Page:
Britain’s chances of a robust recovery from the pandemic have been shaken by a much more severe deterioration in business investment over the past six months than in other countries.
Companies cut back on capital spending in the second quarter of the year, official figures show, with more recent data showing little recovery in recent months.
Weak business investment, which since the 2016 Brexit referendum has underperformed both other economies and previous records, bodes ill for the UK’s economic outlook as it restricts growth and the likely future productivity of firms, and hence the ability of employers to pay higher wages.
The continued uncertainty over the UK’s trade relationship with the EU after the Brexit transition ended on December 31 is also weighing on companies’ investment plans.
“Business investment is important for long-term growth,” said Thomas Pugh, UK economist at Capital Economics, a consultancy firm. âCompanies that invest more now will be able to produce more in the future. . . and . . . the more machines and better quality a worker has, the more he can produce.
The latest figures highlight the business investment crisis in the UK economy. In the second quarter of 2020, it contracted more than in any other G7 country, falling 26.5%, the largest quarterly decline on record.
This fall was more than double that of France and Germany and more than three times that of the United States.
By comparison, the worst quarterly contraction during the 2008 global recession was 9.6%.
All types of UK business investment fell, with intellectual property and spending on productive buildings and structures contracting at the highest quarterly pace on record.
Investment in information and communication equipment and machinery contracted by almost a third in the second quarter. Businesses have also cut their spending on transportation equipment by almost half.
In the period since June, statistics suggest that while consumers have largely returned to their previous spending habits, businesses were much more reluctant to invest for the future when their finances were under severe strain.
In the latest Office for National Statistics business survey, conducted in the two weeks to September 6, nearly 40% of businesses said they cut or canceled their investment plans during that time.
Large companies, which proportionately make most of the business investment, cut more sharply than average and more than half of the accommodation and restaurant companies surveyed said they were cutting their plans.
Foreign investment has also dried up, according to data from fDi Market, a Financial Times-owned company that tracks cross-border start-up investments.
In the 12 months to July, the number of foreign investment projects fell by 35% compared to the same period a year earlier, the sharpest contraction since the record began in 2003. The decline corresponds to approximately 11,400 fewer jobs created during this period. , including 6,000 fewer jobs in business services.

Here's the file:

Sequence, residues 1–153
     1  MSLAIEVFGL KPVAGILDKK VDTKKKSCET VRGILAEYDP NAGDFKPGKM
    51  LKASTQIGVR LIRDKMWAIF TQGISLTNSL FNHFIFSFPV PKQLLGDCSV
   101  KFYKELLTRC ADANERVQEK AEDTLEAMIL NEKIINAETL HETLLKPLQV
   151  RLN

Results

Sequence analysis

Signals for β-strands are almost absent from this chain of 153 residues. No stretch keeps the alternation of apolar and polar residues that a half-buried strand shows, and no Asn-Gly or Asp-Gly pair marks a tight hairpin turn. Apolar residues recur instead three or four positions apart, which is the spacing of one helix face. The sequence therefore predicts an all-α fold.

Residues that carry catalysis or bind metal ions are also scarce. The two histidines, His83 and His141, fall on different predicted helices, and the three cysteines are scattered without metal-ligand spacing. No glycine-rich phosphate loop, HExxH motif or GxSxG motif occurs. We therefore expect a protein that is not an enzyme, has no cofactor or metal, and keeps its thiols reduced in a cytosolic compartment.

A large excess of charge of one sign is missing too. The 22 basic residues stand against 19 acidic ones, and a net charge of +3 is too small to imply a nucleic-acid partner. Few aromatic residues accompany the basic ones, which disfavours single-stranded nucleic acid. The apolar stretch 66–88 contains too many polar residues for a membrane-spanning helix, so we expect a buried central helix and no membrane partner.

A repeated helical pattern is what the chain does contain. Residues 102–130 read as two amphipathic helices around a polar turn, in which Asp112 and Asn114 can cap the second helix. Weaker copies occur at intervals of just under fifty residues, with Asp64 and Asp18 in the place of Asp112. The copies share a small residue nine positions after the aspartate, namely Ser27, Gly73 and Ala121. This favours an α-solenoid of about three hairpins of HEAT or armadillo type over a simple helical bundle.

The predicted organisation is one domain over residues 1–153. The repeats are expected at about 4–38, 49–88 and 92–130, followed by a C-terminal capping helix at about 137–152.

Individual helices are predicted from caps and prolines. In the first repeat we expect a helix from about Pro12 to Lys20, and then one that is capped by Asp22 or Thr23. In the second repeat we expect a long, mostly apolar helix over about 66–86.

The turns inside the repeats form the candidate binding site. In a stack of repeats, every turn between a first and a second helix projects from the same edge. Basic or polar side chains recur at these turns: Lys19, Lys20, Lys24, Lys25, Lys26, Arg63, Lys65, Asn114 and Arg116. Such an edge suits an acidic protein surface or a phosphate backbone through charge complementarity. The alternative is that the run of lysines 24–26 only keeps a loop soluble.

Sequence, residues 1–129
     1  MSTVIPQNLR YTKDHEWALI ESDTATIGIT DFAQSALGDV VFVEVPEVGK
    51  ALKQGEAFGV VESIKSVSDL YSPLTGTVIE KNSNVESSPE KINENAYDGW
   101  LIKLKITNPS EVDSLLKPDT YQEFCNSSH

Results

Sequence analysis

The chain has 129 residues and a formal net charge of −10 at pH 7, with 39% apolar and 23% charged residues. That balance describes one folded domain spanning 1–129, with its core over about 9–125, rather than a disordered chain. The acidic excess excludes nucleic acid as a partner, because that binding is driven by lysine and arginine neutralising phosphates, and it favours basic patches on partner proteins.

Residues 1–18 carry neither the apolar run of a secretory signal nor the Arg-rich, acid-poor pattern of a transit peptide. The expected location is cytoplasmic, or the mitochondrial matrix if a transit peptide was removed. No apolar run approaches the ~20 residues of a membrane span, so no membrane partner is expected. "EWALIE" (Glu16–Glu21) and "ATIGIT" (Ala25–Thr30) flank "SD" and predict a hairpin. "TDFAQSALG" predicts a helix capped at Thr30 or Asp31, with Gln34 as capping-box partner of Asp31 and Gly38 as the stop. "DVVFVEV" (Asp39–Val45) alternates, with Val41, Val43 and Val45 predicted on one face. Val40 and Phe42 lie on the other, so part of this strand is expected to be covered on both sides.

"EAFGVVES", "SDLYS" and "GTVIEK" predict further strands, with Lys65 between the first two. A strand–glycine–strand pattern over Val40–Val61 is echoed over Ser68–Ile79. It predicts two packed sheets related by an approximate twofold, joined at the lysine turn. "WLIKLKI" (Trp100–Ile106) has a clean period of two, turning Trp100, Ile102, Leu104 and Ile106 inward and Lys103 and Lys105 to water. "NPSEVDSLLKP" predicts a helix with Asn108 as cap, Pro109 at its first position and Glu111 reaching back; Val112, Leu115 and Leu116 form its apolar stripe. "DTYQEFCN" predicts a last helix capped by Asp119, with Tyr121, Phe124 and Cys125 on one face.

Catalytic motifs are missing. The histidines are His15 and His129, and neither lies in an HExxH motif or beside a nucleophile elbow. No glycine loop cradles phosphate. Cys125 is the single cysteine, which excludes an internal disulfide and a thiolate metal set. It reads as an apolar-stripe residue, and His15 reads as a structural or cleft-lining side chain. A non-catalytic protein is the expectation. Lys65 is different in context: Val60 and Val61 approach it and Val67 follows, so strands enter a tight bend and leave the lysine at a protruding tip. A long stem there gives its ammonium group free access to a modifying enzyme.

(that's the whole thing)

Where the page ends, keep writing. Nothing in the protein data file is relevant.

Now that Covid-19 cases are on the rise again and the government imposes new local and national restrictions on public and business activity, economists fear that investment will continue to suffer more than other sectors of the economy. .
“Uncertainty over the outlook for demand and the risk of a second wave of Covid-19 will ensure business investment does not rebound,” said Samuel Tombs, UK chief economist at consultancy Pantheon Macroeconomics.
Victoria Clarke, economist at wealth management group Investec, added: âA very strong rebound in business investment in the third quarter seems much less likely than it is for consumption.
Part of the concern stems from surveys which suggest UK business executives are extremely cautious about their investment plans.
A Bank of England survey of 2,800 UK company CFOs suggested companies expected their investment levels in spring 2021 to be 12% lower than they would otherwise. the pandemic.
Brexit has also played a prominent role in investment plans. Since the 2016 EU referendum, the UK has lagged behind the G7 in capital spending.
UK business investment was 27% lower in the second quarter of this year compared to the time of the referendum: this contrasts with investment levels in the US being 5% higher than four years ago, even in the midst of the coronavirus crisis.
Many economists and business leaders fear the UK will continue to lag behind its rivals next year as the economy goes through the aftermath of the end of the Brexit transition period. Dennis Shen, an economist at ScopeRatings, a rating agency, said that even if a trade deal were made, trade frictions would be greater and it would weigh on investment and production growth.
Milton Guerry, president of the International Federation of Robotics, noted in the federation’s latest annual assessment released last week that the UK had “a surprisingly low robot stock for a country in Western Europe.” He added that even before the pandemic, the uncertainty of Brexit “inhibits[ed] the necessary modernization of production facilities â, whichâ will determine the speed of economic recovery after the pandemic â.
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